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On September 15, the Public Interest Investment Advisory Committee (PIIAC) released their recommendations for fossil fuel divestment. Overall, the recommendation was a complete success for student activists (specifically the group Refuel Our Future), with PIIAC recommending full divestment of the University’s endowment from fossil fuel companies.
Last week marked the 16th anniversary of the tragic attacks on the World Trade Center in New York. These attacks caused a ripple effect of kindness around the world: The New York firefighters sprung to the scene immediately, neighbors were doing anything they could to lift each other up and people in countries all around the world were deeming themselves as “American” as a sign of solidarity.
The Class of 2021 is the first class since 1971 that is without the privilege of covered grades at Hopkins. In June 2016, the Homewood Academic Council announced that the University would discontinue its renowned policy under which first-semester freshmen receive only an S for satisfactory (a letter grade of C- or above) or a U for unsatisfactory instead of conventional letter grades.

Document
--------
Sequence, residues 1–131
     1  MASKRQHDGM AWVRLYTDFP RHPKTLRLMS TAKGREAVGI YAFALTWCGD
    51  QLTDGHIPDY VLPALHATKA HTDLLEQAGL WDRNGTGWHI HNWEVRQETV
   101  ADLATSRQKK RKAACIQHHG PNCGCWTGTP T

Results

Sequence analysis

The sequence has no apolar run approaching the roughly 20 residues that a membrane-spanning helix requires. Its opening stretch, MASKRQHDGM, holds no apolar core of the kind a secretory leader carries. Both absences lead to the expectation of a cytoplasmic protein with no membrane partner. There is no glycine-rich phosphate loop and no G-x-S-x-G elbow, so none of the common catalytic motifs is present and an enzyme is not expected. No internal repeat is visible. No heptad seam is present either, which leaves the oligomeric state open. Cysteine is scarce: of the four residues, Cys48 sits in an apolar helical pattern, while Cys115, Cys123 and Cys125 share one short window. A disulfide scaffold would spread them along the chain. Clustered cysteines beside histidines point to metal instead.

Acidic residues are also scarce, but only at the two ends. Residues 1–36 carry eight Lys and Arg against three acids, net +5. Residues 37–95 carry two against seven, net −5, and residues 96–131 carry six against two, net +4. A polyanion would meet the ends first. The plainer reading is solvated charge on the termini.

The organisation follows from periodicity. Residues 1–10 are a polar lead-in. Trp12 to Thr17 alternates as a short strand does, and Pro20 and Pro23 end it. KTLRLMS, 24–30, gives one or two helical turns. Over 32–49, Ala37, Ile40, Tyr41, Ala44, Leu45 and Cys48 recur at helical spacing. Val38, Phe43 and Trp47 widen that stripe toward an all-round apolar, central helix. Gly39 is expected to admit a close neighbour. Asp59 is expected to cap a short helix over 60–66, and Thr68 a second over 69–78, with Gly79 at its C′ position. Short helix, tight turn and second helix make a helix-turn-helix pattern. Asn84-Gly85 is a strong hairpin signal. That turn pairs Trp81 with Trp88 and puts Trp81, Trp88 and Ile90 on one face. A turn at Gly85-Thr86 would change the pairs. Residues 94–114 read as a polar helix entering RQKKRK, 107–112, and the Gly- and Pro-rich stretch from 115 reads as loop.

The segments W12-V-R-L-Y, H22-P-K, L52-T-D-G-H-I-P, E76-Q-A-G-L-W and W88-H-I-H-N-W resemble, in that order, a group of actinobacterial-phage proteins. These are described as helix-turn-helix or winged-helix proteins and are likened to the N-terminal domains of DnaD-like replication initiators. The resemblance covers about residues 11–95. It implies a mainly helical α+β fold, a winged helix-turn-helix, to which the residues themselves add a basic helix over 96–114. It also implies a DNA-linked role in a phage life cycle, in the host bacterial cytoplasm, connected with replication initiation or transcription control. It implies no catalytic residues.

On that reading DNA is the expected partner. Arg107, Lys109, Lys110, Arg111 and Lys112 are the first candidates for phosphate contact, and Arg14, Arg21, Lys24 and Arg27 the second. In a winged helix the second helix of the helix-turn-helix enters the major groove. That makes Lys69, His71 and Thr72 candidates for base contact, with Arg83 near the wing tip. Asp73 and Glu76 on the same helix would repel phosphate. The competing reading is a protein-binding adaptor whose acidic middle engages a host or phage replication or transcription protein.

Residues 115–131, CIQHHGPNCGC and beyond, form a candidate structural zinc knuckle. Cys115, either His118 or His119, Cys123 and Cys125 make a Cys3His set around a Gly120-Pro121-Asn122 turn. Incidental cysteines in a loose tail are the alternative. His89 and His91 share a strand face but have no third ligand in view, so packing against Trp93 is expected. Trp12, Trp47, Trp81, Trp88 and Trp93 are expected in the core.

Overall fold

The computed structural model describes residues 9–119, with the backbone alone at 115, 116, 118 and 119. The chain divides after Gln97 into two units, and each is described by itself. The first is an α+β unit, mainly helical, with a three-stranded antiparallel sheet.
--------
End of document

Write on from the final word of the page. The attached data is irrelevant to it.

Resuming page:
When our parents went to college, orientation rarely lasted more than a day. It was just a time to register for classes and buy books. Parents attended simply to provide their wallets. There were no social mixers. There was no set interaction between students. There were no community building events. There were no formal talks explaining how to transition into college life. Unless you were going to parties, you sat alone in your room for days.
This Monday, the U.S. News & World Report released their 2018 Best Colleges rankings. Hopkins had been No. 10 in the nation, but we’ve dropped to an 11th-place tie with Dartmouth and Northwestern. This is the biggest news in the Facebook meme group since... Well, the page didn’t exist when we first made it into the top 10.
U.S. President Donald Trump moved Tuesday to end the Deferred Action for Childhood Arrivals (DACA) policy. This program, enacted by former U.S. President Barack Obama, protects the children of undocumented immigrants from deportation.